Though just about all Yorkies will be black and tan as pups and blue and gold as adults, there are some Yorkshire Terriers that appear to be or that are mostly or fully tan. How can this be? There are a few different reasons. This section will discuss this, along with photos.
Reason #1 - Appearing All Tan, But Not Really
The first explanation is the easiest and the most simple.
When viewed from just one particular angle, a Yorkie may appear to be fully tan, as in the case of this little cutie pie (photo left, photo 1 on mobile). This is because the face, chest and legs are tan. However, with blue just on the back, when we gain a different angle of seeing the same dog (photo 2), it is then that you'll realized he is only partially tan, which is the typical coloring for this breed.
Photos 1 & 2: Oliver Wellington, courtesy of Lex & Rick
Reason #2 - Appearing Mostly Tan, Short Coat
Since this breed can have avariety of hair cutsand one of them is the very close-to-the-skin shaved puppy cut, when the coat is trimmed very short, this can remove a lot of the darker hairs.
When a Yorkshire Terrier has a medium or long coat, those dark hairs (blue or black) are going to really stand out and it is normal for the eye to be drawn to darker colors.
However, as you can see from this photo of King (right; below on mobile), when the coat is cut to a short 1/4 to 1/2 inch length, there is much less blue to focus on.
The tan essentially takes over, as far as the eye is concerned and since blue is a faded color, it really blends into the light tan.
King, 7 years old, photo courtesy of Lee
If this Yorkie were to have his coat grown out, his coloring would appear to be completely different. Though, his 'real' coat colors would not be changing; genetically, they are what they are. However, the length of those hairs can really change the dog's appearance.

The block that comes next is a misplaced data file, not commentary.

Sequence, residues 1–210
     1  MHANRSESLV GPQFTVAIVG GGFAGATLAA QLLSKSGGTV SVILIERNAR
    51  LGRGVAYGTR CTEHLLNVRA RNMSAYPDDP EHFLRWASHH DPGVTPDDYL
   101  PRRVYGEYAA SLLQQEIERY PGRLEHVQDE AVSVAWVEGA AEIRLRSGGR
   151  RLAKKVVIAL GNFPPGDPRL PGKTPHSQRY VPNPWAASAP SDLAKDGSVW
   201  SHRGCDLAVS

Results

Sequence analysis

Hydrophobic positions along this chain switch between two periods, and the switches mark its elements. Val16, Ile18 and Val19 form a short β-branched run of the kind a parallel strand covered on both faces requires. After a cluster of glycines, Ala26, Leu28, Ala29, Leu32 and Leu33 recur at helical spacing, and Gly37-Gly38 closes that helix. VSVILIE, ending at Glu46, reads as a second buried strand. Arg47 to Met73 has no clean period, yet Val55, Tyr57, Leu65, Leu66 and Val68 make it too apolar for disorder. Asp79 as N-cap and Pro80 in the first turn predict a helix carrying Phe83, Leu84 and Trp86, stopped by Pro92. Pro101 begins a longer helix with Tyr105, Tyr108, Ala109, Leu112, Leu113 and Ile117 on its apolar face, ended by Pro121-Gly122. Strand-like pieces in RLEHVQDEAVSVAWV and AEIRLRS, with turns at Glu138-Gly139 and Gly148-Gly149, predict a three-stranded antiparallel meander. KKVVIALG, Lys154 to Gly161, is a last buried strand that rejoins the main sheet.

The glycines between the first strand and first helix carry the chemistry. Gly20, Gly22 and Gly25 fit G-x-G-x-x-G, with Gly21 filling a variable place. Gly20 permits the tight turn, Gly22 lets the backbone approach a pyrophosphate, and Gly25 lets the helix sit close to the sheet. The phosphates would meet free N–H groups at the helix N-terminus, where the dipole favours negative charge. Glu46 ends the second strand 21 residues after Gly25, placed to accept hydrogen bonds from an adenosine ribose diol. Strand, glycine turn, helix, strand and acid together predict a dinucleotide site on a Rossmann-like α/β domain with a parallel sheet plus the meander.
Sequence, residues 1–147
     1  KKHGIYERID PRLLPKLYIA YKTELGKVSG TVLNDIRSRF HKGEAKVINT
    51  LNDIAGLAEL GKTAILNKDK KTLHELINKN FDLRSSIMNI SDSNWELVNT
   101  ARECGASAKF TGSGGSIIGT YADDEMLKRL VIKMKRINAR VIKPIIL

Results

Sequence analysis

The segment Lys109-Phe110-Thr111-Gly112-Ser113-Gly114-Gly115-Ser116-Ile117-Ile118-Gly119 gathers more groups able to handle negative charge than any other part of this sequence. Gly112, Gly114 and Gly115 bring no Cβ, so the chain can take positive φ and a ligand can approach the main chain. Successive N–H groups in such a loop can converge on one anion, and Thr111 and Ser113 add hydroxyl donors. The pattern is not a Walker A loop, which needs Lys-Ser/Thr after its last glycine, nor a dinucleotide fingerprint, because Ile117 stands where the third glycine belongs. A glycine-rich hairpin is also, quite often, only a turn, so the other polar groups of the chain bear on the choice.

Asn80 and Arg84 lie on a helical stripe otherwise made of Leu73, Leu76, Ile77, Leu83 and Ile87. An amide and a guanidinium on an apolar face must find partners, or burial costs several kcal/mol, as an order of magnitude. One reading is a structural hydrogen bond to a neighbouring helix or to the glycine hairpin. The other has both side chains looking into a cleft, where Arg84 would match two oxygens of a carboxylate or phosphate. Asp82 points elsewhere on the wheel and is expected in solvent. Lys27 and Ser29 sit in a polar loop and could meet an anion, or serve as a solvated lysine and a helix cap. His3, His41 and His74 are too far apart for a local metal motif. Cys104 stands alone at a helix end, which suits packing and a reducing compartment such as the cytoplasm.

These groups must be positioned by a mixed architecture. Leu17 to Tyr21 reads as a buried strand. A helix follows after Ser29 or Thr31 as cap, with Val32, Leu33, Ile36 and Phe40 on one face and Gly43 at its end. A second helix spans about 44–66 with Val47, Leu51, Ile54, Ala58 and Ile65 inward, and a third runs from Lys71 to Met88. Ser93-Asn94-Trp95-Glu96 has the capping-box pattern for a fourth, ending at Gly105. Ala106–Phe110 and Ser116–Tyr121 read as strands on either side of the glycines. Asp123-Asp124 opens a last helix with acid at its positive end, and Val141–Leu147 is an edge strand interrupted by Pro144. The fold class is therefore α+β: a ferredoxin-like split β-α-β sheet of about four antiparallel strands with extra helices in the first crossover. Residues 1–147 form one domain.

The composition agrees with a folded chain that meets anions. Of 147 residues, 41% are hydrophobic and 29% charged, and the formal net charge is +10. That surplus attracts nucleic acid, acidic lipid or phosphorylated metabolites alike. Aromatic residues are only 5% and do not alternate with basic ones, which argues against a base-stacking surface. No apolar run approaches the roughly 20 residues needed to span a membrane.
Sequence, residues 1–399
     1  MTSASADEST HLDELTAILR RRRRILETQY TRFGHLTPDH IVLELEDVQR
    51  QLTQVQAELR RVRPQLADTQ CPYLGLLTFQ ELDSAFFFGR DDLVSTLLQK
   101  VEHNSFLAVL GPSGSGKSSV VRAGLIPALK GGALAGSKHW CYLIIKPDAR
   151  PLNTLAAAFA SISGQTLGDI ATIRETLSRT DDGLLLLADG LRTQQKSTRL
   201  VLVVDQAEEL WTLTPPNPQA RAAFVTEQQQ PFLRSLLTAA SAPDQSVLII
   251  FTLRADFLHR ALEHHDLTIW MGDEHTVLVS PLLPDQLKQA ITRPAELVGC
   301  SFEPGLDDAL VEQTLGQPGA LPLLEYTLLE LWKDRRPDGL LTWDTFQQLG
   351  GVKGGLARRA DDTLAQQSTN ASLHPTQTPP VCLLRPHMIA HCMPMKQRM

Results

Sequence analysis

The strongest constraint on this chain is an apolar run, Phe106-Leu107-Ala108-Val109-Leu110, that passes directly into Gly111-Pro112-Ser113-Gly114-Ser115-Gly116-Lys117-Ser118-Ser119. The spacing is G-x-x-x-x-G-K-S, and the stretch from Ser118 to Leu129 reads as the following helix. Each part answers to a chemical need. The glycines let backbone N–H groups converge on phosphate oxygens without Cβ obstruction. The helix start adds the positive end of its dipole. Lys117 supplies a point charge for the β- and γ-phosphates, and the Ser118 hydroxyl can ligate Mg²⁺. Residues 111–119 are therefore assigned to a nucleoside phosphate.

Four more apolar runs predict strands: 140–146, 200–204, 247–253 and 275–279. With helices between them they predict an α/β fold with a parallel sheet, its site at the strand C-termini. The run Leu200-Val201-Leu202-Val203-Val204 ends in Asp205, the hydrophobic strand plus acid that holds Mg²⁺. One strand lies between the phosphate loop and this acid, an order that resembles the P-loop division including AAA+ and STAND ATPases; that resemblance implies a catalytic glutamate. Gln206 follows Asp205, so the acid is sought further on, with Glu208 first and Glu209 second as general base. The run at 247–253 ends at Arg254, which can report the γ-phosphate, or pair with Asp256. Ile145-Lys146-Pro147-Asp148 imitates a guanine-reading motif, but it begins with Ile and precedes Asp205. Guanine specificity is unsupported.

So, if someone were to say, 'This Yorkie doesn't have the correct amount of blue or black', they would be very mistaken.
Reason #3 - Losing a Lot of Black as He Grows
The photo here (below on mobile) shows how a Yorkie can have a coat holding a majority of black as a puppy, but as that dog matures, a lot of the dark color is lost and simultaneously transitions to a blue.
So, here, you have an adult Yorkie that is mostly tan.
He holds the correct colors for the breed, however he changed as he matured..
Truffle, as a puppy and then as a 2 and 1/2 year old dog
Photos courtesy of Deborah
In addition, you'll notice that the long tan hairs on the back flow over the darker hairs, which lends to the over-all impression of being majorly tan
Reason #4 - Yorkshire Terriers That Are Truly All Tan with No Black
The last reason, though rare, is possible with this breed.
Though just about every single Yorkie is born black and tan (99%) and that black changes over to blue as they mature, therearesome 100% purebred Yorkshire Terriers that are fully tan as adults. This is the exception, never the rule, just as there are sometimes, rarely, those that are black and red as adults (known asred legged Yorkies).
Bear, a fully tan Yorkshire Terrier, whose black/blue grew out as he grew up! Photos courtesy of Alexandra Goldy
For all Yorkies, the darker hairs will cover far less
of the body than when the Yorkie was a puppy. Present on 60 to 90% of the coat during puppy-hood, it often ends up most prevalent on the back as an adult.
So, as the coat is morphing, more tan is coming in, darker hairs are falling out and fading.... and for some Yorkies, the tan overtakes the coat.
While this is considered a fault in show and Yorkies with these coats should not be bred, this is a random even that does not affect the dog in any other way aside from anesthetics (and it can't be denied that Yorkies with all tan coats are cute). And it is not caused by 'bad' shampoos or by too much brushing
or any such thing.
It is not even caused by bad breeding practices (unless a breeder purposely breeds a fully tan Yorkie to another that holds mostly tan).
It is simply a genetic color marker that can appear without warning and will not often even be visible until that pup matures. It can take 1, 2 or even 3 years for the black to fully disappear.
You may be wondering if darker hairs can ever grow back in. Frankly, while there may be some odd, random occurrence, in general this cannot happen.